Notre Dame's scars offer France a chance to heal



“On the face of this aged queen of our cathedrals, by the side of a wrinkle, one always finds a scar. Tempus edax, homo edacior; which I should be glad to translate thus: time is blind, man is stupid.”

Those are the words of the narrator in Victor Hugo's iconic Notre-Dame de Paris that used the cloak of narrative to issue a plea to the people of Paris to spring to action and preserve the historic Gothic architecture of France. The Latin phrase might better be translated thus: time is a devourer, man more so. Yesterday we endured the tragedy of learning that fire is more so once again. Never mind a wrinkle or a scar, the aged queen of cathedrals has now suffered a near-fatal wound.

This wound has come at a critical time for the nation, long plagued by the civil unrest of the gilets jaunes movement. Indeed, French President Emmanuel Macron had to cancel a televised address he was due to give outlining his plans for France’s political future following long public consultation in response to the protests. Instead, he spoke in front of a still-burning Notre-Dame Cathedral, announcing the launch of a fund to rebuild it. “Notre-Dame de Paris is our history, our literature, the life of our imagination, the place where we have lived all our great moments, our epidemics, our wars, our liberations,” he said. “It’s a cathedral of all the French even when they have never been to it.”

Epidemics, wars and liberations

The ‘scars’ to which Victor Hugo referred on the Cathedral are different from those invoked by Macron. Where Hugo was lamenting the “bastard arch” inflicted on the monument by later architects, Macron refers to the scars of a nation. For 856 years the cathedral, in its various stages, has stood sentinel over a city that has seen division, bloodshed, triumph, romance and rejoices. Its walls were silent and impervious to the bubonic plague that decimated the European continent. Its 28 stone biblical Kings of Judah were decapitated the same year as Marie Antoinette. The caverns beneath its now collapsed vaulted ceilings reverberated with the hymns of a 400-voice choir as Napoleon was crowned at its altar. Its massive bells roared to signal the end of the First World War and again when Paris was liberated in the Second.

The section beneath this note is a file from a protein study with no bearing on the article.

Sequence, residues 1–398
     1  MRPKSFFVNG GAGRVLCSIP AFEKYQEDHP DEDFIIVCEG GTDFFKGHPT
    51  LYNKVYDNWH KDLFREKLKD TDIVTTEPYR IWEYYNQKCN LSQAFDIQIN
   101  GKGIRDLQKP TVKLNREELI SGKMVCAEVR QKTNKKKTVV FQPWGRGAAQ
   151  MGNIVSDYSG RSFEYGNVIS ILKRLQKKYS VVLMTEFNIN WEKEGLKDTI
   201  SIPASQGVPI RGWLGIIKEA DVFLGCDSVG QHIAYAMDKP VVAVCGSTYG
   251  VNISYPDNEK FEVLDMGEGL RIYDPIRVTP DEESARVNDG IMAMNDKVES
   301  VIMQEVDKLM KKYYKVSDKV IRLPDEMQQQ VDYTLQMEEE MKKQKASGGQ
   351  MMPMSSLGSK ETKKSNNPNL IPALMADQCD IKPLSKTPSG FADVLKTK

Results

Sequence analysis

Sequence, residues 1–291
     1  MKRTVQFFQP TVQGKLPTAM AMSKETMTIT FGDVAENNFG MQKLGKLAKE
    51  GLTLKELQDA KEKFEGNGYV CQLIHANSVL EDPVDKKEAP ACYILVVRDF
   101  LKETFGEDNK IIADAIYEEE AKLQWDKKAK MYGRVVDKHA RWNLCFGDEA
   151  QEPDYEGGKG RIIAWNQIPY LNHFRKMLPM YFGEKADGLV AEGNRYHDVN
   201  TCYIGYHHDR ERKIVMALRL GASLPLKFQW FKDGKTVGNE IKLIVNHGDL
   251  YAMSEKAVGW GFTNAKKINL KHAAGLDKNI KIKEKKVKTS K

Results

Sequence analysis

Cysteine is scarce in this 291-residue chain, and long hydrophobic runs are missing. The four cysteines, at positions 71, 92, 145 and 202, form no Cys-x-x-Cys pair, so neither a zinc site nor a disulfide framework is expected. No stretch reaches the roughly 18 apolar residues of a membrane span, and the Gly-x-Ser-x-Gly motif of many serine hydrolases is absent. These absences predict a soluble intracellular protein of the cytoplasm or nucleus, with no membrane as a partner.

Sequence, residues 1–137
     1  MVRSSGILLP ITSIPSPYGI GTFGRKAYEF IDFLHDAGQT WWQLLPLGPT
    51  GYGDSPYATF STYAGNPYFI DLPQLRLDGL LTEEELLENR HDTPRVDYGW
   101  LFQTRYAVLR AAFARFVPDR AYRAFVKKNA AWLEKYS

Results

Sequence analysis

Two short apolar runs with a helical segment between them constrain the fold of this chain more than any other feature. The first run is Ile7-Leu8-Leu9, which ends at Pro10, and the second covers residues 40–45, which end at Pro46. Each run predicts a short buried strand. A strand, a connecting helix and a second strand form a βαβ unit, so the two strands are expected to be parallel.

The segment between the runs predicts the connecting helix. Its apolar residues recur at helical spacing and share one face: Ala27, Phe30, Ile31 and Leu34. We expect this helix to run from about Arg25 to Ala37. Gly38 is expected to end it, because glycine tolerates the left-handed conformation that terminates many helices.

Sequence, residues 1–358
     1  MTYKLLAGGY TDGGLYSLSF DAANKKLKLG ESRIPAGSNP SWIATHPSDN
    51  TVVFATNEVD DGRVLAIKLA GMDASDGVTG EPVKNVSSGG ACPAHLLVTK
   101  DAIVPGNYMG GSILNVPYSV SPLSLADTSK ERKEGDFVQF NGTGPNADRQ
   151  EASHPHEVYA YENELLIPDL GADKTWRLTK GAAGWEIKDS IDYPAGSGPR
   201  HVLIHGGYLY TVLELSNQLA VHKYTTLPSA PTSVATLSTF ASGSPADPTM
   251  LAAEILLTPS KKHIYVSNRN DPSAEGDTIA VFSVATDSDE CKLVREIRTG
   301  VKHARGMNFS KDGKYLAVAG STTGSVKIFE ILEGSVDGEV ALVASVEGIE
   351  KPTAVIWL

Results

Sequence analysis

Just months ago, Notre-Dame de Paris again watched over a divided city, as thousands of protesters marched past the cathedral on a symbolic tour of Paris. Yesterday, the scene froze. Parisians stood together watching the cathedral burn. Some sang, others filmed, some watched and some wept. Paris was again, briefly, united in sadness.

The path forward

With the devastating damage done to one of France’s most recognisable monuments, there exists a small opportunity for French President Macron to mobilise the nation - and Europe. Although it would be foolish to suggest such an event could be a golden bullet to fix all his government’s maladies, it represents the chance to remind Europeans about their shared patrimony and foster positive civic participation within the bloc. Unlike other recent tragedies in France and Europe, the Notre Dame Cathedral fire has come at no human cost and is not itself a product of division. And though some on the fringes will seek to exploit it, it must not become a catalyst for division.

The announcement of a European fund to restore the cathedral is a good first step, and this should include both individuals and governments in the European Union. This would afford European governments and individuals in the region the opportunity to contribute positively to a cultural icon. Likewise, it would send a clear message to Eurosceptics in France (of which there are many) that the European Union is willing to come to the aid of its fellow member countries when they require it.

Governments as far away as Australia pondered contributing funding to restore the building. That such a thought occurred despite the fact that nobody was killed and France is an affluent country is a poignant reminder of the power of symbols. A gesture, like a public vigil outside the cathedral, could also go some way in aiding the French president’s response.

The gilets jaunes movement has its origins in a feeling of disconnectedness in French society. The Notre Dame Cathedral has seen the French people through some of history’s deepest divisions. The images of its facade still standing unperturbed by the flame should remind all of Europe that the project is not over. And for Macron’s administration, getting the response to the burning of an anchor of French identity right, as well as legislating meaningful policy change beyond just cutting taxes could signal the beginning of a resolution gilets jaunes unrest.

Joe Bourke & Elliott Brennan are the Communications and Publications Directors respectively for Young Australians in International Affairs.

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